To explore the predictability of annual runoff for different climates, test T2 described in Section 5.1 was repeated for simulated data, i.e spatial predictions of annual runoff were performed for 10 years (1988-1997) in a catchment that was left out of the dataset. This was done for each of the five catchments in our study area for all 100 simulated climates.

6.2 Results from the simulation study

(a) RMSE.
(b) CRPS.
Figure 8: Predictive performance for spatial predictions of runoff in ungauged catchments for 1988-1997 for simulated data when the target catchment is treated as ungauged (T2). Dashed lines show the averages over all catchments.

The RMSE and CRPS for the spatial predictions (1998-1997) in five catchments and 100 climates are summarized in Figure 8. The results are as expected for simulated data: For all catchments performs best on average. performs better than , possibly because there are more point observations available (15 each year) than areal observations (4 each year). The coverage of the posterior prediction intervals are also as expected as shown in Table 3, and the predictions were unbiased with respect to the true runoff value. Over 100 different climates the model performs as it should asymptotically.

All
P 0.97 0.89 0.97 0.90 0.89 0.92
A 0.93 0.93 0.90 0.93 0.91 0.92
P+A 0.96 0.89 0.97 0.93 0.89 0.93
Table 3: The proportion of the true runoff values that falls into the corresponding posterior prediction interval for spatial predictions of runoff (T2) for simulated data.

Now, assume that we consider spatial predictions in one of the five catchments for one specific simulated climate. The fact that the spatial predictions are unbiased over 100 different climates doesn’t necessarily mean that the predictions are unbiased within a specific climate and catchment. In T2 we perform 10 runoff predictions (1988-1997) for each of the five catchments in the dataset, where the target catchment is treated as ungauged. The resulting posterior distributions give 95 % posterior prediction intervals for the 10 years of runoff predictions. The intuitive interpretation of these posterior prediction intervals is that conditional on the data and the model, there is a 95 probability that the simulated true runoff value is covered by its 95

posterior prediction interval. If this assumption is valid, we are dealing with a binomial distribution, i.e the probability that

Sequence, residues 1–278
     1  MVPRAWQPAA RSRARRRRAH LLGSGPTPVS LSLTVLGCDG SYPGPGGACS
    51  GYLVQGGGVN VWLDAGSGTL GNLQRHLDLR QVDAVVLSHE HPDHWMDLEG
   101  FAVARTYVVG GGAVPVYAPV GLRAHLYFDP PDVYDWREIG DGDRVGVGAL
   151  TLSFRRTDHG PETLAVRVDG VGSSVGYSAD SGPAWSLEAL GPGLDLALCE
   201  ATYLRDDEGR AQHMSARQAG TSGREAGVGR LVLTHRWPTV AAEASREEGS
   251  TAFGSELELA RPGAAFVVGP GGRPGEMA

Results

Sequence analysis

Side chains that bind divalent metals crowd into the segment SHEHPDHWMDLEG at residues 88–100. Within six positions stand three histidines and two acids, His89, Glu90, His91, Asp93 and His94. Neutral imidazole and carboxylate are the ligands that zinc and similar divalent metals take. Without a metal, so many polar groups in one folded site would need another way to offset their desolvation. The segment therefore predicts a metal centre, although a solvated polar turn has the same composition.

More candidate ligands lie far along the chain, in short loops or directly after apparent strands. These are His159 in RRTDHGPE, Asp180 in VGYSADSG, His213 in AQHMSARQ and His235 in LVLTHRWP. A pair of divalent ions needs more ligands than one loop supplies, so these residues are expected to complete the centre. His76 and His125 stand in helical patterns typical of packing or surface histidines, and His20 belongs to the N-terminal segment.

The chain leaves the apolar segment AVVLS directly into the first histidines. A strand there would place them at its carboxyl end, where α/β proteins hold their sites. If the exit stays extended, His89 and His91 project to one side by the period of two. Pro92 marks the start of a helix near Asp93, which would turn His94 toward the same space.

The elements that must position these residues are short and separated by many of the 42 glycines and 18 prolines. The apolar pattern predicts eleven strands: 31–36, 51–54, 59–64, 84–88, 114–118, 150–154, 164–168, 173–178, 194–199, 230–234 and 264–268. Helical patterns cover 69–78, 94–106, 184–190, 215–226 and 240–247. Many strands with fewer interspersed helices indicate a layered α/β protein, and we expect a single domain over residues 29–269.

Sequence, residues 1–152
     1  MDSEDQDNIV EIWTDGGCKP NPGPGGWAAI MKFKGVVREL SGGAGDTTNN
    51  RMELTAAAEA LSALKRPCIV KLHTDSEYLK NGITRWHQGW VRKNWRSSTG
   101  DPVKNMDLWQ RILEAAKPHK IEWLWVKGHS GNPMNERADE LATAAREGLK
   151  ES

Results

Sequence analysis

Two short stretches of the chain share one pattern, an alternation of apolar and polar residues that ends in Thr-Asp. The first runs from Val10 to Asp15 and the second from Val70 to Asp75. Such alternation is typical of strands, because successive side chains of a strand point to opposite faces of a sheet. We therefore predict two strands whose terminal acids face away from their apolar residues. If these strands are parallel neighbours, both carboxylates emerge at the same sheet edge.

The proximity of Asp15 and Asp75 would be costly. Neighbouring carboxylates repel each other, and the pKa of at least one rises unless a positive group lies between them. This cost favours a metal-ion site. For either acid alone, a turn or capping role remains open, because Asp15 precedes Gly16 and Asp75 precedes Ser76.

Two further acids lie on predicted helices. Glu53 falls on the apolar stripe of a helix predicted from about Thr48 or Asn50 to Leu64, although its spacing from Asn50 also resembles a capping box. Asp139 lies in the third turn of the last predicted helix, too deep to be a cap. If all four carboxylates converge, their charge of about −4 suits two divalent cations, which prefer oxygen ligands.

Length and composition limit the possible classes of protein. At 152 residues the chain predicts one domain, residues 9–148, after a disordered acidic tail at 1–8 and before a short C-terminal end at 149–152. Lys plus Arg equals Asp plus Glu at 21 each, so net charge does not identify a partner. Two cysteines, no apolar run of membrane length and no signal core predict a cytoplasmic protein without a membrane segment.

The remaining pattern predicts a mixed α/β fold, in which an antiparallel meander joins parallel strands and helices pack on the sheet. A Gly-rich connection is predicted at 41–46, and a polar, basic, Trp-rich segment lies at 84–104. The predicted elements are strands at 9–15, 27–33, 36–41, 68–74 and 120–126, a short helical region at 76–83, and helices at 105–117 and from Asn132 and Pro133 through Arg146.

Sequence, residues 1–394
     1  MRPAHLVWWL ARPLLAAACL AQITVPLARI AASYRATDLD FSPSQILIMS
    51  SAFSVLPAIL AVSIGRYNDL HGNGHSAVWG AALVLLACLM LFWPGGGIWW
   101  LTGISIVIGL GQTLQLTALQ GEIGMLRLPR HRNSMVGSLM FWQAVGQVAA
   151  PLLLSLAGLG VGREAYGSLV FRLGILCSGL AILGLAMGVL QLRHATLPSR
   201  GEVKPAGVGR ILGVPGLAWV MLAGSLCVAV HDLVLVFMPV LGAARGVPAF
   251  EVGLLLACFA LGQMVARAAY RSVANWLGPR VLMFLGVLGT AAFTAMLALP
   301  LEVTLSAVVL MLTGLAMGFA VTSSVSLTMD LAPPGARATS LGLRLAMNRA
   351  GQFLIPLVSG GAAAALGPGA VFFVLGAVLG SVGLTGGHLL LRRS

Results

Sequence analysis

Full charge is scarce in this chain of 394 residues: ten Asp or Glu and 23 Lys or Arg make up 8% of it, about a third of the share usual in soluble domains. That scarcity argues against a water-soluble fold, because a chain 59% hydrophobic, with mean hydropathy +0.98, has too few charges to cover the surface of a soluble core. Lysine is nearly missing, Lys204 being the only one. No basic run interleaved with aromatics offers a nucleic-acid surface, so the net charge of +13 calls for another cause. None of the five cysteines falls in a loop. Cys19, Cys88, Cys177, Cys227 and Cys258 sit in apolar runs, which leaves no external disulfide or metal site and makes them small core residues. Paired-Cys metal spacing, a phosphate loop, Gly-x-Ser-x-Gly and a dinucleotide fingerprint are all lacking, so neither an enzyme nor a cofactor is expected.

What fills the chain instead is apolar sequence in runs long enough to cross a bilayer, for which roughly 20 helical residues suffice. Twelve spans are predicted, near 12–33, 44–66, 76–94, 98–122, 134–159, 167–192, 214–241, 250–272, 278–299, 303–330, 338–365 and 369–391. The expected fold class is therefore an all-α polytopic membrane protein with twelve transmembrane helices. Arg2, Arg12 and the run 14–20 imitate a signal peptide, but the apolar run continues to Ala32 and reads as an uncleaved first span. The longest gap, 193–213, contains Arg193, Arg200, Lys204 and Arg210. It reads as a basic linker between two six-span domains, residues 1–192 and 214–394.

out of 10 of the simulated true values are inside the corresponding posterior prediction interval for a catchment is binomial with =10 and .

(a) Ungauged catchment: The target catchment is entirely left out of the dataset.
(b) Partially gauged catchment: One observation from the target catchment is included in the likelihood.
Figure 9: The probability that 0-10 of the true values of annual runoff from 1988-1997 are inside the corresponding posterior prediction interval for spatial predictions within a specific catchment and climate (T2), estimated based on predictions in 5 catchments for 100 simulated climates (i.e 500 data points). Both point and area observations are utilized (), but similar results are obtained for and . The computed probabilities are compared to the binomial distribution with =10 and =0.95.

To gain knowledge about the predictability of annual runoff, we computed the proportion of times out of 10 of the simulated true values were inside the corresponding 95 posterior prediction interval for the 5 catchments and 100 climates. These empirical probabilities were compared to the binomial distribution and the results are shown in Figure 8(a). The results show clearly that the binomial assumptions are not valid for this setting. Considering the binomial distribution, the probability that all 10 runoff values are inside the corresponding posterior prediction interval is equal to 59.9 %. For the simulation study, this probability was as high as 82 % for . Further, the probability that 3 values or fewer are inside the prediction interval is close to zero for the binomial distribution. This was far more probable for the simulation study, giving 2.6 % 7.2 % and 3.6 % for , and respectively.